Canadians are neglecting their vision benefits – survey

More than half of Canadians who have vision insurance benefits are not planning on using them

Canadians are neglecting their vision benefits – survey

A new survey from Specsavers, conducted by Leger and in partnership with the Canadian Council of the Blind, found that 38 percent of Canadian adults admit to being overdue for their routine eye exam, while more than half of those with vision benefits don't intend to use them before they expire.

“It is important for people to understand that certain sight-threatening conditions such as glaucoma and macular degeneration actually begin during middle age. These conditions can progress without noticeable early warning signs, meaning that by the time patients experience symptoms or notice a change to vision, the disease may already be advanced,” says Naomi Barber, clinical services director at Specsavers.

The survey found that 35 percent of Canadians would only book an eye exam if they were experiencing vision problems, and 46 percent would be motivated to increase the frequency of their eye exams if they noticed worsening vision over time.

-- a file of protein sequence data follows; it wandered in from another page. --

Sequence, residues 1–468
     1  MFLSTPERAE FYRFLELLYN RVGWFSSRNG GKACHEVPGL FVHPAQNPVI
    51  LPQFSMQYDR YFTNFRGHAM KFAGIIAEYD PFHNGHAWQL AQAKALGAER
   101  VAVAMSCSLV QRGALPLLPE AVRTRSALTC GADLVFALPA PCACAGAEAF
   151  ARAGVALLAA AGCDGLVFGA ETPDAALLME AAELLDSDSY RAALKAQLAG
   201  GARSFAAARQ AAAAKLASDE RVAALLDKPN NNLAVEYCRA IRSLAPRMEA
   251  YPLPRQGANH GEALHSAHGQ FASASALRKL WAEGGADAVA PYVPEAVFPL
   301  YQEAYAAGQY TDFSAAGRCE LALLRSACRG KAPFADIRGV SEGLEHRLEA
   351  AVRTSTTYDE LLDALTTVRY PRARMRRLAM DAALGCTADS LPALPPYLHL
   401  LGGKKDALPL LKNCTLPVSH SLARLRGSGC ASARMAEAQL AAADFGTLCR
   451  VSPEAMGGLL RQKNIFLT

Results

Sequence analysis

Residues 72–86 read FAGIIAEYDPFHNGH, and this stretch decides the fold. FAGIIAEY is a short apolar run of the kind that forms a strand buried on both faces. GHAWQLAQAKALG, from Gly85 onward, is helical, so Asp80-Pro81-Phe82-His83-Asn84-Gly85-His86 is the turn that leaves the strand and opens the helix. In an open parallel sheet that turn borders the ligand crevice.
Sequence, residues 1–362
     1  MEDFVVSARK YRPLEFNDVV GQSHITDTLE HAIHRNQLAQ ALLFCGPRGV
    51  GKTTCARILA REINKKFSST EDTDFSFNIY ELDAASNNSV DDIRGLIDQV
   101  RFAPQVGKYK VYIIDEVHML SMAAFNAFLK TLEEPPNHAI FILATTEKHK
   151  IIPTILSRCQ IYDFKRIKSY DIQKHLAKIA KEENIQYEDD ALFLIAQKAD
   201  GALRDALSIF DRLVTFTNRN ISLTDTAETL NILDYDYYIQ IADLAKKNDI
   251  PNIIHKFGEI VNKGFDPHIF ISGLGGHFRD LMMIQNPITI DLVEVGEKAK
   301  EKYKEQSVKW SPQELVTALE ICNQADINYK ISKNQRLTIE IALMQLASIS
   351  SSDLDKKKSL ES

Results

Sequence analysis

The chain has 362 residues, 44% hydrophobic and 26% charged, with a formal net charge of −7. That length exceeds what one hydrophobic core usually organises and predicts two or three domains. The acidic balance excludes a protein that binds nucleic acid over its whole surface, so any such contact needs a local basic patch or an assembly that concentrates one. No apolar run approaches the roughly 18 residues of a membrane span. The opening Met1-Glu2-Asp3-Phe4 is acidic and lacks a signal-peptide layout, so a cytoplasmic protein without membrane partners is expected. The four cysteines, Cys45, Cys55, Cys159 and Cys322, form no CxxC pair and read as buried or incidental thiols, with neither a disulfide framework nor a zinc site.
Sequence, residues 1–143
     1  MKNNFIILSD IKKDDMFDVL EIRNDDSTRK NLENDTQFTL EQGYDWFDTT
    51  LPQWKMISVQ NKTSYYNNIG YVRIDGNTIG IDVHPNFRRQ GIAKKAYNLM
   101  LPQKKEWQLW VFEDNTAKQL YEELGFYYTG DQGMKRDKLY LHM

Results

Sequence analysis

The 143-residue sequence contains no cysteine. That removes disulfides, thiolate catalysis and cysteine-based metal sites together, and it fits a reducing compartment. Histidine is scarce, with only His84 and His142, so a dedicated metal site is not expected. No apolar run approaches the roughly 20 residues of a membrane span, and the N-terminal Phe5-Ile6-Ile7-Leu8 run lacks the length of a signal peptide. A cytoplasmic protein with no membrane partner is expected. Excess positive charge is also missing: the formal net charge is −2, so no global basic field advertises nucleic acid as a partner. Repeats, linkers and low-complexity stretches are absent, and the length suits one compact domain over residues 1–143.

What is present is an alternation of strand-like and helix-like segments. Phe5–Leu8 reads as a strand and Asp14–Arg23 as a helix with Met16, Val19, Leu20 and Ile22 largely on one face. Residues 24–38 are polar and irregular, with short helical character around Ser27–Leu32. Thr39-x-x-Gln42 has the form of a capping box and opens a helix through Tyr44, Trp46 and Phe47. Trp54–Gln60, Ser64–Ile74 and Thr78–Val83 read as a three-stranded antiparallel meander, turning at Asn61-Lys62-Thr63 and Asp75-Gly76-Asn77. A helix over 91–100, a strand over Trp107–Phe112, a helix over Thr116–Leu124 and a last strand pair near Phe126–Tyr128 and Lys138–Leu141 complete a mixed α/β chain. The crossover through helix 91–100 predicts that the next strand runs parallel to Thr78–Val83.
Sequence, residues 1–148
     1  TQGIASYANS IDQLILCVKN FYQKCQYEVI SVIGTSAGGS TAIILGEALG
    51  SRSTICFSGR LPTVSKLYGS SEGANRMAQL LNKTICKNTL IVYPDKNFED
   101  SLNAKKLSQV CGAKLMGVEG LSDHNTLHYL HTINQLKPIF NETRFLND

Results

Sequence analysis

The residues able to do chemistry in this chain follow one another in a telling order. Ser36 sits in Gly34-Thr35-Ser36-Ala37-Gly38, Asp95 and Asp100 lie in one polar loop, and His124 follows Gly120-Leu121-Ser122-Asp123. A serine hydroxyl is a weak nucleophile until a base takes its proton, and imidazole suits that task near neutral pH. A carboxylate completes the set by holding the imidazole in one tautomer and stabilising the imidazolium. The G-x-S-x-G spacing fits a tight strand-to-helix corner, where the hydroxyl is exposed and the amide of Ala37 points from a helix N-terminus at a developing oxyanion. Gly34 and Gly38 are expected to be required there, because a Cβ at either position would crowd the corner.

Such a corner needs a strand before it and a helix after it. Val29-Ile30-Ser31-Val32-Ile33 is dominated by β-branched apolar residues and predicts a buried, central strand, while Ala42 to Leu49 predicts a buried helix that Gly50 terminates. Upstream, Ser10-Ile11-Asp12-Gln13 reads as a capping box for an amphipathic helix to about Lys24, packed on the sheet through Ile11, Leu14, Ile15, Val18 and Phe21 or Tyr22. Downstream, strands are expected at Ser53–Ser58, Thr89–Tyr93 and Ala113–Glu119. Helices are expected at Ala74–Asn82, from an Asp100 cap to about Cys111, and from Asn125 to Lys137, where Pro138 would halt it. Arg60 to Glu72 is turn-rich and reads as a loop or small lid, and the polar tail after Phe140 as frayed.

Barber notes that 75 percent of vision loss is “preventable and treatable” through regular eye exams, including Optical Coherence Tomography (OCT), a 3D eye scan that aids in detecting conditions like diabetic retinopathy, glaucoma, and age-related macular degeneration in their early stages.

“It is very concerning that so many Canadians with vision health benefits don't plan to use them before they expire. Over 1.2 million Canadians are blind, deaf-blind or partially sighted, and the number of Canadians living with vision loss is growing every day. It is crucial for Canadians to have comprehensive eye exams so that vision loss can be prevented by treating eye diseases as soon as possible,” says Dr. Keith Gordon, senior research officer at Canadian Council of the Blind.

55 percent of Canadian adults have health insurance plans covering optical needs, with typical allowances ranging from $50-$100 for eye exams and an average of $200 for glasses or contact lenses every two years. Despite this coverage, the survey suggests a lack of awareness and proactive engagement in using these benefits.

“As benefits get closer to expiring, we are encouraging Canadians to get an eye exam and to have conversations with friends and family about prioritizing eye health,” adds Barber.